Commented Apr 13, 2022 at 21:23
  • $\begingroup$ $S_n^2=\sum X_i^2-n\overline X_n^2$. $\endgroup$ Commented Apr 13, 2022 at 21:24
  • $\begingroup$ Ho you are right! $\endgroup$
    – Pohoua
    Commented Apr 13, 2022 at 21:27

2 Answers 2

3
$\begingroup$

This is geometry.

There's not much to prove, actually, because you already know a lot.

  1. From $X_1, \ldots, X_m$ there exist $m-1$ orthonormal linear combinations $U_1, \ldots, U_{m-1}$ that have iid standard Normal distributions independent of $\bar X_m,$ for which $S_m^2 = U_1^2 + U_2^2 + \cdots + U_{m-1}^2.$ (This is the standard variance decomposition associated with the mean.)

  2. $X_{m+1}, \ldots, X_n$ are independent of $X_1,\ldots X_m$ and therefore $(\bar X_m, U_1, U_2, \ldots, U_{m-1}, X_{m+1}, X_{m+1}, \ldots, X_n)$ are independent.

  3. Because $n\bar X_n = m\bar X_m + (X_{m+1} + \cdots + X_n),$ $\bar X_n$ is independent of $U_1, \ldots, U_{m-1}.$

  4. Independence among Normal variables is equivalent to orthogonal linear combinations. Linear algebra tells us the $m-1$ linear combinations corresponding to $U_1, \ldots, U_{m-1}$ can be extended to an orthonormal basis $U_1, \ldots, U_{m-1}, U_m, \ldots, U_{n-1}$ of the space orthogonal to $\bar X_n.$ (This is a standard, important theorem. If you haven't seen it, prove it by induction--it's simple.)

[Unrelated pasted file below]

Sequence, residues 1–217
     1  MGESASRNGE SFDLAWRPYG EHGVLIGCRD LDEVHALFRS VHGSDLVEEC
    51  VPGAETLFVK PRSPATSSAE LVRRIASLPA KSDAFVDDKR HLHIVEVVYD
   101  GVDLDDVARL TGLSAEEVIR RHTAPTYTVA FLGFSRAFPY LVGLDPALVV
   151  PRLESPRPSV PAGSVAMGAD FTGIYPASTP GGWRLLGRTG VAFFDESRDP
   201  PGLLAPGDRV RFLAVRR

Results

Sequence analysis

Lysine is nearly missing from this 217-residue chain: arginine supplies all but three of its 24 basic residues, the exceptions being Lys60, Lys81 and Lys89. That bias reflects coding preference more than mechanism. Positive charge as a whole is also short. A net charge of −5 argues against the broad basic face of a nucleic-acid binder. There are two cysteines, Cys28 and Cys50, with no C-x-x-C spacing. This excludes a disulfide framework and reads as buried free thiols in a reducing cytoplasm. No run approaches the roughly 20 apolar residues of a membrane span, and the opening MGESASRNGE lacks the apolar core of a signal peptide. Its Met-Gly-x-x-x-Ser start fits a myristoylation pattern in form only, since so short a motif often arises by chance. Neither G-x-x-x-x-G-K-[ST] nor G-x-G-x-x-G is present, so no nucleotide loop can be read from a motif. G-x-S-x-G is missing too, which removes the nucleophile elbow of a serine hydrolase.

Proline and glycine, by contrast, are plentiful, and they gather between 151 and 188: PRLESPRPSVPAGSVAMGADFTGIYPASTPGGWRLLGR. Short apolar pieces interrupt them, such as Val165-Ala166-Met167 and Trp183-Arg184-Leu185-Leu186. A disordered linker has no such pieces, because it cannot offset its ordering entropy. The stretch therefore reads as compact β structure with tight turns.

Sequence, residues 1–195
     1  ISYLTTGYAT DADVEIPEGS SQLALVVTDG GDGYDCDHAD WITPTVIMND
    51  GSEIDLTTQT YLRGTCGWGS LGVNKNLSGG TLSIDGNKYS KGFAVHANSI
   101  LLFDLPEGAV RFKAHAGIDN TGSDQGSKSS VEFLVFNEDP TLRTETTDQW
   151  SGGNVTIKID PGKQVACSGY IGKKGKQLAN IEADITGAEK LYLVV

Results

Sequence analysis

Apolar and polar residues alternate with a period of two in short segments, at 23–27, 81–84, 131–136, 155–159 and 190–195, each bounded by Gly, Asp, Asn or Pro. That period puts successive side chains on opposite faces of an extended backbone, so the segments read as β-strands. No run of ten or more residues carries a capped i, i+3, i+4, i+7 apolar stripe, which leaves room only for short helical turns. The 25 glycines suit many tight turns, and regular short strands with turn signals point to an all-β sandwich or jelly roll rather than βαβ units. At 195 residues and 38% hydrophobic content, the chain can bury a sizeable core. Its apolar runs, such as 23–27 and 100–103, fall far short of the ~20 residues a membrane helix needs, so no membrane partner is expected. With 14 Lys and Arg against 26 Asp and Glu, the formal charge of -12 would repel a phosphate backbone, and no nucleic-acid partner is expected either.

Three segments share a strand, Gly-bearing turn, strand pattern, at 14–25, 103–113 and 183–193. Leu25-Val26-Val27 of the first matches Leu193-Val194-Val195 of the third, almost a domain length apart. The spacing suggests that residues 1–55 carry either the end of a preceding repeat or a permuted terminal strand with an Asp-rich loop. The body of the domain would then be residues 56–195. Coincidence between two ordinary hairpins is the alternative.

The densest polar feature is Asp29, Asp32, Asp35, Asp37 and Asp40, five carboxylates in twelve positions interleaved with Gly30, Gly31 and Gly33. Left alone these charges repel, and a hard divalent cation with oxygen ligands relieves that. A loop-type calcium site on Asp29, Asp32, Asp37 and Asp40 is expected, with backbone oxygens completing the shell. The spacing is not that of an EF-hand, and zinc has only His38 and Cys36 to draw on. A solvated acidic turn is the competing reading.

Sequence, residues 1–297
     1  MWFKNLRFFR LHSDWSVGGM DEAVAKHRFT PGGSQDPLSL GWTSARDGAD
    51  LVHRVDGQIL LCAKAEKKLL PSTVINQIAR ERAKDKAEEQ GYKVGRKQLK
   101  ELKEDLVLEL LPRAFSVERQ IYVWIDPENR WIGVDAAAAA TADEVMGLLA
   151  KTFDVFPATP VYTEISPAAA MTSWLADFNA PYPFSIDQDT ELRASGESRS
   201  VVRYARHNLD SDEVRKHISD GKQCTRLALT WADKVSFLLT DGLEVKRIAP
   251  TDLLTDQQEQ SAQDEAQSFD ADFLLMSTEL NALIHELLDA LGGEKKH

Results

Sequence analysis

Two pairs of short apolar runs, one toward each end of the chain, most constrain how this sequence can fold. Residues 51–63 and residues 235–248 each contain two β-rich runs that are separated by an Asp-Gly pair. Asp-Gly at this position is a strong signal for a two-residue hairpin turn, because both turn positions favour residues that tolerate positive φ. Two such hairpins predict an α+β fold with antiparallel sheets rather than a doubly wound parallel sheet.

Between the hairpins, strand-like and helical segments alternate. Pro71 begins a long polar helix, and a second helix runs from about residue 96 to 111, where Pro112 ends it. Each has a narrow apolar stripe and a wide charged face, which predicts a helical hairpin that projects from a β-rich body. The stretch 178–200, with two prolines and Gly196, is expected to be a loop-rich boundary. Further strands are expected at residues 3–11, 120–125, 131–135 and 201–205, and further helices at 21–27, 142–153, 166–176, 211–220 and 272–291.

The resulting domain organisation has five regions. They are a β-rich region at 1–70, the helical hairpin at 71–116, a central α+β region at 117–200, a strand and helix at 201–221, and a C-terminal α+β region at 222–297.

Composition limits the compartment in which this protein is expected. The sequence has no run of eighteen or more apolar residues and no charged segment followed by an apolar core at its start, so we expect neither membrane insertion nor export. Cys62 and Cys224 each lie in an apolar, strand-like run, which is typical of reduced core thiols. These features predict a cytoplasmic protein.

5. Similarly (exactly as in $(1)$), there exist orthonormal $V_1, \ldots, V_{n-1}$ that are independent of $\bar X_n$ and for which $S_n^2 = V_1^2 + \cdots + V_{n-1}^2.$

  6. Since $(U_1, \ldots, U_{n-1})$ and $(V_1, \ldots, V_{n-1})$ are both orthonormal bases for the space orthogonal to $\bar X_n,$ their sums of squares are equal: $S_n^2 = U_1^2 + \cdots + U_{n-1}^2.$

  7. Subtracting, we find $S_n^2 - S_m^2 = U_{m}^2 + U_{m+1}^2 + \cdots + U_{n-1}^2$ is the sum of $n-m$ orthogonal standard Normal variables, whence (by definition) it has a $\chi^2(n-m)$ distribution, QED.

$\endgroup$
3
$\begingroup$

I think your approach is good. I can provide a (not to tedious) proof that the matrix $A$ is idempotent of order 2.